The smallest of the three-toed sloths, the pygmy three-toed sloth is characterised by pale grey-brown fur that is often blotchy and a tan-coloured face with a distinctive dark band around the eyes. Long, shaggy hair hangs over the face, giving a hooded appearance. Male adults have a bright orange patch on their back through which a black band runs vertically. Sloths have an unusual means of camouflage to avoid predation; their outer fur is often coated in algae, giving the hair a greenish colour that helps conceal them in their forest habitat. Three-toed sloths (Bradypus) can be distinguished from their distant relatives, the two-toed sloths (Choloepus), by the three digits on their forelimbs, blunter muzzle, and simpler, chisel-shaped teeth.
Sloth fore-arms are much longer than their thighs, so when on the ground they crawl on their elbows rather than their hands and their thighs are spaced so widely that they cannot bring their knees together. Although this makes it difficult for the pygmy three-toed sloth to move along on the ground their hands and feet have long, curved claws that let them hang upside down in trees all day long with ease. Their specialised neck allows them to turn their head approximately 270o horizontally and observe all around without having to move the rest of their body. A further adaptation to living upside down is that sloth hair grows in the opposite direction of the hair of most animals, which makes it easier for water to run off away from the skin when the animal is upside down.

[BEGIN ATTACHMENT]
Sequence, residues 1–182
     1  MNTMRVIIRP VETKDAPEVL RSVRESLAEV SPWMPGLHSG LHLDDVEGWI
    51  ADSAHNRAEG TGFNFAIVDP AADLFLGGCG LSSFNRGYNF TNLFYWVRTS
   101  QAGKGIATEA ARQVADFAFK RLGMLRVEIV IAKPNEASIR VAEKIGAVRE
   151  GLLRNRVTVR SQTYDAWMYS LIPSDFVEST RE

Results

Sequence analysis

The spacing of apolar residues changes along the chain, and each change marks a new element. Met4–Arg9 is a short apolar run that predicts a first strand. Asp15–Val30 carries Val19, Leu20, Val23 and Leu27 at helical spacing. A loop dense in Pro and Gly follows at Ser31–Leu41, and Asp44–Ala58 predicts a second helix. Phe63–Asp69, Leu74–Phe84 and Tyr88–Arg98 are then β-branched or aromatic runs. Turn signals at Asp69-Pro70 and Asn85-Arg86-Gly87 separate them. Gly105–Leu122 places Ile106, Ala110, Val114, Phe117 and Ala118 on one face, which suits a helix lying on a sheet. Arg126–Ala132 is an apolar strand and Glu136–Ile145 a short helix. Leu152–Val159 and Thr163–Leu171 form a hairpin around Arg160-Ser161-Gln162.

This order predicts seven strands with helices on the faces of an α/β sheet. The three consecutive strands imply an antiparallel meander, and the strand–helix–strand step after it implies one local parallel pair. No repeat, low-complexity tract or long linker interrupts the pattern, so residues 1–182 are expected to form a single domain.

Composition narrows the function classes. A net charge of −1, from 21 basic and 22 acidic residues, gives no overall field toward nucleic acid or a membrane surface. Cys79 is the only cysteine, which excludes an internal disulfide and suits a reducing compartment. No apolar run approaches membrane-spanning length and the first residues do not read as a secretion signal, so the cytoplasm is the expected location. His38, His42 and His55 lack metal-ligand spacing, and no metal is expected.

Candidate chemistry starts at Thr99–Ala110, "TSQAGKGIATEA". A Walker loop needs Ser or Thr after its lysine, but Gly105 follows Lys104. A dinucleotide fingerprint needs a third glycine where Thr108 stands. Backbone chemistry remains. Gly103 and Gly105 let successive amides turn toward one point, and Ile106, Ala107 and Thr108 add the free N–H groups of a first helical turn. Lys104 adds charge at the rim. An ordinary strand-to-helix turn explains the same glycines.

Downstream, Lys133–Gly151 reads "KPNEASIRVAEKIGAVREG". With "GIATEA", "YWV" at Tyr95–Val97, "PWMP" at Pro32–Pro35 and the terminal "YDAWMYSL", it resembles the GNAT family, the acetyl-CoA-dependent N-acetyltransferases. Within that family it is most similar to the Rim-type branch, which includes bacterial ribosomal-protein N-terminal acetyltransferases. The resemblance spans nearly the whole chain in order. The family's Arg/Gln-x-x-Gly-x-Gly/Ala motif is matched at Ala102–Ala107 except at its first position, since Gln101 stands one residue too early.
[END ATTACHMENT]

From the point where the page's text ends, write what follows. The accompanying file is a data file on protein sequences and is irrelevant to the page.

Isla Escudo de Veraguas has been designated as a protected area and is located within the Ngobe-Bugle comarca which means the local indigenous people have strong administrative power.
A group of scientists from ZSL went out to Escudo to conduct an extensive population survey of the pygmy sloths in March 2012. In total they encountered 72 sloths and observed some mangrove cutting, estimating that there may be fewer than 100 individuals within mangrove habitats, but that more sloths may be present in dense forest. At present a campaign is being run to raise funds to develop a participatory conservation strategy for the pygmy sloth that involves all stakeholders.
This project supports in-country EDGE Fellows to help conserve relevant EDGE species
To significantly increase the protection and awareness of Isla Escudo de Veraguas as a unique habitat using pygmy three-toed sloths as a flagship species through long-term collaborations with Panamanian authorities and local communities.
Law enforcement within the reserve is inadequate and needs to be strengthened to protect this species. Conservation could also be improved through local awareness programmes, specifically those promoting sloths as conservation flagship species. Education of local communities is vital to stopping poaching problems as well as reducing deforestation and increasing law enforcement within the reserve.
Marine and freshwater programme coordinator at ZSL with a passion for mangroves and corals
I am veterinarian and I am working with the pygmy three-toed sloth on Escudo de Veraguas Island in Panama.
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